From the whispers of its Algonquin origins to the hustle and bustle of a modern political powerhouse, Ottawa’s history is like a patchwork quilt woven with different threads. There’s trade, colonial intrigue, and the steady rhythm of progress throughout its history.
It’s a living, breathing chronicle, with each street corner echoing with the whispers of history as diverse and ever-flowing as the currents of the river itself.
So, strap into your seat as we take you on a ride in our time machine to discover just what made Ottawa into the beautiful city that it is today!
How did Ottawa get its name?
The city name Ottawa is derived from the Algonquin word ‘adawe,’ meaning ‘to trade.’ It was chosen in 1855 in reference to the Ottawa River, and its modern name in the Algonquin language is Odàwàg.
Previously, Ottawa was called Bytown when the British settled on the south bank of the Ottawa River due to being in the process of turning the Rideau River into a canal.
Thus, Lieut. Col. John By of the Royal Engineers and his workers laid a town site in the area in 1850 and named it Bytown.
Who were the earliest settlers in Ottawa?
The earliest settlers in the Ottawa region were the Algonquin people, who called the Ottawa River ‘Kichi Sibi’ or Kichissippi, which means ‘great or grand river.’
They maintained a trade route along the Ottawa River and hunted, camped, traded, and traveled in the area for a short time.
The first European to arrive in Ottawa was Étienne Brûlé in 1610, followed by Samuel de Champlain in 1613, and both were assisted by Algonquin guides. Records from 1613 revealed that the Algonquin people already controlled the Ottawa Valley at this point.
How was Ottawa founded?
Ottawa started as an unnamed campsite led by the Royal Engineers under Lieutenant-Colonel John By as a construction base for the Rideau Canal.
Known as the village of Bytown at the time, it was incorporated as a town in 1850 before becoming the city of Ottawa in 1855.
However, the first actual European settlement near Ottawa was founded by Philemon Wright on March 7, 1800. He was a New Englander from Woburn, Massachusetts, who arrived with his own family and four other families, plus twenty-five laborers.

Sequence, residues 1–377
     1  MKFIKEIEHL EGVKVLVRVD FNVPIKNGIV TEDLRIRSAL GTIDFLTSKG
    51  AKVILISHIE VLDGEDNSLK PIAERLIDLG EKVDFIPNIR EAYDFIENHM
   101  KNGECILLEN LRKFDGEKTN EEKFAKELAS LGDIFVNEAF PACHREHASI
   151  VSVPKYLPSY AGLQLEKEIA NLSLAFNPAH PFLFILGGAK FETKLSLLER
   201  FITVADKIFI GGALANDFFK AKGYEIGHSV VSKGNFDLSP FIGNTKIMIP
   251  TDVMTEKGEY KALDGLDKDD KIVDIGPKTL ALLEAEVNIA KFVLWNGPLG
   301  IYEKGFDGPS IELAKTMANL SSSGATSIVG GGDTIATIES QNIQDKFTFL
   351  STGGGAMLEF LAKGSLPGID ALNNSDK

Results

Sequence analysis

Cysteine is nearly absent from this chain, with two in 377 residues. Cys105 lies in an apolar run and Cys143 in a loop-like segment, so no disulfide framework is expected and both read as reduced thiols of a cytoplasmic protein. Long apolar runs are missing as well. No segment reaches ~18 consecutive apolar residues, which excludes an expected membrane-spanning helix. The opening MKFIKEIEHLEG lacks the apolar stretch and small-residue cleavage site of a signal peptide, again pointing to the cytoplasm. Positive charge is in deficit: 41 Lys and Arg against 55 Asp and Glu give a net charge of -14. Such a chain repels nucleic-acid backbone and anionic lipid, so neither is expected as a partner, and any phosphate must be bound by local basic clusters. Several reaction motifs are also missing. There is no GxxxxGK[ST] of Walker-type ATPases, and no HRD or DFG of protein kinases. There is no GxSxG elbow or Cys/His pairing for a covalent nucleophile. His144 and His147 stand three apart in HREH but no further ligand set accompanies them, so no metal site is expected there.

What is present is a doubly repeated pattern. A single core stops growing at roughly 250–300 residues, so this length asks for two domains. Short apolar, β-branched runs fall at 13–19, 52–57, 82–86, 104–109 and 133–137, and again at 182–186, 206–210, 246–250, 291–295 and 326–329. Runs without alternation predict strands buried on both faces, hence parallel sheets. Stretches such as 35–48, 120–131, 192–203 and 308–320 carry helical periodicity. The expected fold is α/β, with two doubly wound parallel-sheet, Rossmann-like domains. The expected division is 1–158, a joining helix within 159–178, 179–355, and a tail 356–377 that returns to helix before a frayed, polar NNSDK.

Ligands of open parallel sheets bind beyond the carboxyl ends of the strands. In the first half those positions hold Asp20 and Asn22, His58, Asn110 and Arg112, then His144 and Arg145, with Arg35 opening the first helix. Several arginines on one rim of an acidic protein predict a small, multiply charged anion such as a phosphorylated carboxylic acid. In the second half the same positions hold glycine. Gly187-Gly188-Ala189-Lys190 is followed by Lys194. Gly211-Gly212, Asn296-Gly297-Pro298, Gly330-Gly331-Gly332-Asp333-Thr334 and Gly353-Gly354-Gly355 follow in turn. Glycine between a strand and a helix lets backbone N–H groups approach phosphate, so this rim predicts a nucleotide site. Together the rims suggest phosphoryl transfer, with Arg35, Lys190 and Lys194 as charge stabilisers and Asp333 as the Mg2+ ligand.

They became an agricultural community called Wright’s Town, which is now modern-day Gatineau in Quebec.
Another settlement was formed at Richmond Landing, which is the current LeBreton Flats, while Richmond Road, Ottawa’s first thoroughfare, was being built in 1818.
In 1809, a store was built by Jehiel Collins, who’s credited as the first settler of what would become Bytown. The small town was developed into a site for timber and later the sawed lumber trade, paving the way for its growth into the city of Ottawa years later.
How did Ottawa become the capital city of Canada?
Queen Victoria designated the relatively small city of Ottawa as the capital city of the province of Canada in late 1857.
This was due to political fights between rival cities like Quebec and Toronto or Montreal and Kingston over who deserved to become the capital.
Ottawa was already a strong contender, thanks to its location and accessibility, but it still came as a surprise to many. The parliament buildings on Parliament Hill were shortly constructed after it became the capital.
And even as Canada transitioned from a province into a dominion ten years later, Ottawa was kept as the capital city.
What was the role of the Rideau Canal in Ottawa’s history?
After the War of 1812 between the USA and the United Kingdom, there was a need for a safe military supply route from Montreal to Kingston.
So, the construction of the Rideau Canal is the reason why the British settled on the south bank of the Ottawa River, which led to the establishment of Bytown.
Lieutenant-Colonel John By oversaw the construction of the canal and hired contractors such as Philemon Wright and Thomas McKay. He also had staff such as John Mactaggart and Thomas Burrowes.
The Governor-General George Ramsay, the Earl of Dalhousie, had a great interest in the canal’s construction, along with establishing a permanent settlement in the area.
Ottawa’s Expansion into a Major Canadian City
In 1893, Ottawa replaced its horsecar system with a vast public transportation network when Thomas Ahearn founded the Ottawa Electric Railway Company. The previous system began in 1870.
Ottawa was added to the transcontinental rail network on June 28, 1886, when the Pacific Express connected it with modern-day Gatineau and Lachute.
By the 1960s and 70s, a building boom had caused Ottawa to become one of the most high-tech cities in the country and was aptly nicknamed ‘Silicon Valley North (Why Ottawa is dubbed as one of Silicon Valley North).’
All the municipalities of the Regional Municipality of Ottawa-Carleton merged with Ottawa into one single city on January 1, 2001. This means that aside from Ottawa, there are also the former cities of Vanier, Nepean, Kanata, Orleans, etc.
Unfortunately, the city’s rapid growth also led to some strain on the public transport system and bridges. Thankfully, a light rail transit was introduced on October 15, 2001, which connected downtown Ottawa to the southern suburbs via Carleton University.